Since this doesn’t unlock his memory, the gang presents him with a choice of psychotherapists to consult, and Simon happens to choose the sexiest one available – Harley Street specialist Elizabeth Lamb (Rosario Dawson).
It turns out she’s a wolf in Lamb’s clothing: realising what’s at stake in Simon’s amnesia, she tells Franck she wants her cut of the money, if she locates the painting. She’s prepared to do anything, she says, in Dawson’s extraordinary deep silky tones, which are Trance‘s most dazzling special effect. “You’ll fuck him to get him to remember?” says Franck, in the film’s most tongue-in-cheek exchange. “I agree,” replies Elizabeth. “It’s not conventional practice.”
In fact, there’s no remotely conventional practice to be found in the script by Joe Ahearne and long-standing Boyle collaborator John Hodge. Trancewill do whatever it takes to keep us permanently wrong-footed. Like Christopher Nolan’s Inception, it’s forever staging scenes that take place inside characters’ minds, as if they were real-world events. But Trancealso cheats by giving us shock turns of event, including sudden brutal killings, then pulling back, telling us that they never really happened – that the film is just fooling with us.
Simon is about as unreliable as a narrator can get, and his entire being serves to remind us that we’re in the realm of storytelling. Nothing wrong with that – François Ozon runs a literary riff on the premise in this week’s In the House, while Steven Soderbergh does it very nicely in Side Effects. But where Soderbergh challenges us to keep our wits peeled and question our moral assumptions about his characters and the world they move in, Trance is pure hall-of-mirrors stuff. Nothing in Boyle’s film is what it appears – so nothing matters. There’s no stable ground here – no consistent narrative or emotional rules. We can’t care about Simon if there’s nothing at stake.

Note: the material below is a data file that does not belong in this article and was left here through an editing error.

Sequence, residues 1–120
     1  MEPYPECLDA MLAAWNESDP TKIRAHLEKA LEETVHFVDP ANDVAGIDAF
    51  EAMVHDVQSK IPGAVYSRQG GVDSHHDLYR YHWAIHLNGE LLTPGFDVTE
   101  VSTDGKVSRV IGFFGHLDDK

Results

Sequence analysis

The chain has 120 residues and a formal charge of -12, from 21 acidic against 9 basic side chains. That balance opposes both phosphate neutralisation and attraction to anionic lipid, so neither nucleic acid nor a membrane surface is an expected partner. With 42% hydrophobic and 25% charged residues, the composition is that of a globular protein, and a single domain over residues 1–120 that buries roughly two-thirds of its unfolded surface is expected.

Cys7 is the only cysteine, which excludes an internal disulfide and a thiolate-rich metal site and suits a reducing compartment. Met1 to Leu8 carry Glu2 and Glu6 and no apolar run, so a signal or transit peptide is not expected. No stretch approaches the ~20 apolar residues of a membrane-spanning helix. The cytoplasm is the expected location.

One moment, the gang are terrorising him with a radical manicure, the next he’s cracking jokes with them like best buddies. Trance treats its characters as no more than game pieces. The most cavalier treatment is given to a mystery woman who at first seems a marginal bit player, then proves to have a key role; yet what happens to her is so nasty and so implausible that the revelatory shock just isn’t earned.
While the plot seems intricately contrived, the effect is of a series of for-the-hell-of-it whammies – the most shameless show-stopping effect being a novelty nude scene highlighting the, let’s say, very modern state of Dawson’s mons pubis.
What the film lacks in narrative cogency, it makes up for in colour, thanks to star cinematographer Anthony Dod Mantle: a royal blue Chinese restaurant, a purple-lit corridor, aerial shots of a fluorescent orange motorway system. There’s also much sleek use of iPads as a visual metaphor for the mind and its (mal)functions. The electric palette, the conjurer’s-flourish editing, Rick Smith’s thunderous score – it all makes for a dazzling package, but a numbing one.
Boyle’s directing often strikes me as the cinematic equivalent of 1980s pop production – you’d have liked the songs a lot better without all the reverbed drums, treated guitars and synthesisers stacked to the rafters.There’s cinematic mastery here, no doubt, but of a decidedly empty sort.The result isn’t so much trance as de luxe torpor.